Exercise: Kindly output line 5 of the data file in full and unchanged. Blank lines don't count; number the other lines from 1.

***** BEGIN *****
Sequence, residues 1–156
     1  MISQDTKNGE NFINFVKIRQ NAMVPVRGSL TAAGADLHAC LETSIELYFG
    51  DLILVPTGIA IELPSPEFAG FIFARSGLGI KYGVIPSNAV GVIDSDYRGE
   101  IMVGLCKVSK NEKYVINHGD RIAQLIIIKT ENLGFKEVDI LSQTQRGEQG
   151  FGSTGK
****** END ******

   151  FGSTGK